February 26, 2024

Bespoke Blades

The custom creations of Charlevoix knife maker Todd Olson
By Al Parker | Nov. 25, 2023

What do you do with a battered ice skate, an old rubber puck, a cracked hockey stick, and a gob of tape? Pitch ’em, right? 

Not if you’re Todd Olson, Charlevoix knife maker extraordinaire.  

He collected those shabby items from a hockey-loving client who played for many years and, with about 20 hours of work and a ton of creativity, turned them into a one-of-a-kind knife that the client and his family will cherish for generations.

“It was a neat challenge,” recalls Olson.“He liked it so much that he had me do another project. I worked on an ax for him, reshaping the head and re-handling the ax with a beech wood handle.”

The Knife Guy

Olson, who graduated from Michigan Tech, does gauging, wiring, and welding at Michigan Scientific, a Charlevoix firm that has about 100 employees and specializes in the design and manufacturing of testing equipment. The company allows him to work on his creations during his 30 minutes of break time during his shift.

“I’m known as ‘The Knife Guy,’ at work,” he says with a smile. “People come by to see what I’m working on now. I’ll often ask their opinions of my work. Everybody knows Todd is working on something.”

The 56-year-old Navy veteran is part of a three-generation family tradition that results in stunningly beautiful collectible cutlery. We’re talking one-of-a-kind, bespoke blades that are very hard for serious knife collectors to resist.

“My grandpa made knives, my dad made knives, and now, I make knives,” says Olson, who was born and raised in Ishpeming, then moved to Charlevoix 29 years ago.  

The first knife Olson made was for a Navy buddy back in 1991. “I made the blade out of an old file and put a red handle on it,” he recalls. “I didn’t follow a template or anything, just made it up in my head. I sketched it out and took pictures. It took about a month.”

Then Olson sort of hit a creative wall and says he didn’t make any knives for about 12 to 15 years before returning to his hobby with renewed enthusiasm. Now, he estimates he’s created about 80 of the custom blades, almost all at the specific request from knife collectors.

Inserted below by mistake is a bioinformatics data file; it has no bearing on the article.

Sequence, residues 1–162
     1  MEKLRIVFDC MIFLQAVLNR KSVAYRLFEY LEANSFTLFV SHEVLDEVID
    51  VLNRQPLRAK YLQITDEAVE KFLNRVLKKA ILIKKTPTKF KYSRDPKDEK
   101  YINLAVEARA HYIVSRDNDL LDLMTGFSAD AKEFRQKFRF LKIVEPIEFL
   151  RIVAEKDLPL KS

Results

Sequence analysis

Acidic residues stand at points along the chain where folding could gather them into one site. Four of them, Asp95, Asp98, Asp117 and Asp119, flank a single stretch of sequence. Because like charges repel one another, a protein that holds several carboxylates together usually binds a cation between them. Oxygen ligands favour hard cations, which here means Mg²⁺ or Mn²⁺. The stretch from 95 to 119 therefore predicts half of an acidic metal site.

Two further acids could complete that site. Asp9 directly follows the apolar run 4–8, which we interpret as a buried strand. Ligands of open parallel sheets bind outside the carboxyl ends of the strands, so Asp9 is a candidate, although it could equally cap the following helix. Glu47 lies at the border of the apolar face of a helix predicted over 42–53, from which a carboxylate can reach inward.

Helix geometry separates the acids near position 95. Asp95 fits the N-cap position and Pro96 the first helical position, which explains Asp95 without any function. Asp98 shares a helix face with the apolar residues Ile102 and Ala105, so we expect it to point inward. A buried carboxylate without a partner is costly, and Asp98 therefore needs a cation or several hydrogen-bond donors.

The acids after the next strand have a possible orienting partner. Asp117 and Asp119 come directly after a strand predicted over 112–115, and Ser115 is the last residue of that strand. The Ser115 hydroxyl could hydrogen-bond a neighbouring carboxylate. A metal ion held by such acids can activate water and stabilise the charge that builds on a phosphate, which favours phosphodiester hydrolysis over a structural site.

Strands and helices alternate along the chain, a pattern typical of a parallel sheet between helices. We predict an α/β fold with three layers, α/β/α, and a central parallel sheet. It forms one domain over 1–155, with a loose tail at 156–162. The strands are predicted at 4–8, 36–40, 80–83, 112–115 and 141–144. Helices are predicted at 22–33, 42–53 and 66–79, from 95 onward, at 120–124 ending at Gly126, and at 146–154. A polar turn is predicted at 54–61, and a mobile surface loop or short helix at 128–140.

While the materials aren’t always as eclectic as old hockey gear, Olson does get creative. One knife he shows us has a blade crafted from a buzz saw blade, while others are formed from stainless steel. Many of them started life as a hand file. 

“With files, I know they have good steel,” explains Olson. “I have a place that does the stainless steel for me.”

The other key component of a custom knife is the handle. Shaping the custom handle to fit the client takes a lot of patience and elbow grease, and Olson does a lot of filing and sanding with sandpaper to get the feel just right. The handle is also where a client’s personal taste can come into play.

“Some like an antler handle, others like a nice-looking wood or something more exotic,” explains Olson. “I did one with a beautiful Arizona ironwood, one with curly maple, and another with a really nice stacked birch bark handle.”

His finished products range in price from $200 to $500 and include an impressive variety of sharp instruments, everything from hunting knives to culinary cutlery.

The Cutting Edge

Olson and a legion of other bladesmiths are on the cutting edge of a national trend in the knife making industry, which is not just surviving, but thriving. 

TV shows like Forged in Fire, (which Olson enjoys when he has time) have given bladesmiths a higher profile than ever before. According to 2022 data, it’s a $12 billion industry that’s growing by the month.

Red Label Abrasives, an industrial firm closely aligned with blade making, did a 2023 poll of more than 100 different knife makers and consumers and found 73 percent expect their industry to grow in 2024. 40 percent indicate hunting knives are the most popular knives to produce, followed by Every Day Carry (EDC) knives at 21 percent and culinary at 15 percent.

Despite creating dozens of one-of-a-kind blades, Olson’s current inventory is only six handcrafted beauties. All the others have been sold or given as gifts.

So what’s he working on now? Olson is in the process of making a very important project for a very important person: his 13-year-old son. “He’s really good in the kitchen and he wanted a nice knife, so we’re working on that for him,” says the proud dad. 

See more of Olson’s artistic creations on Instagram at @olsonknifeworks.

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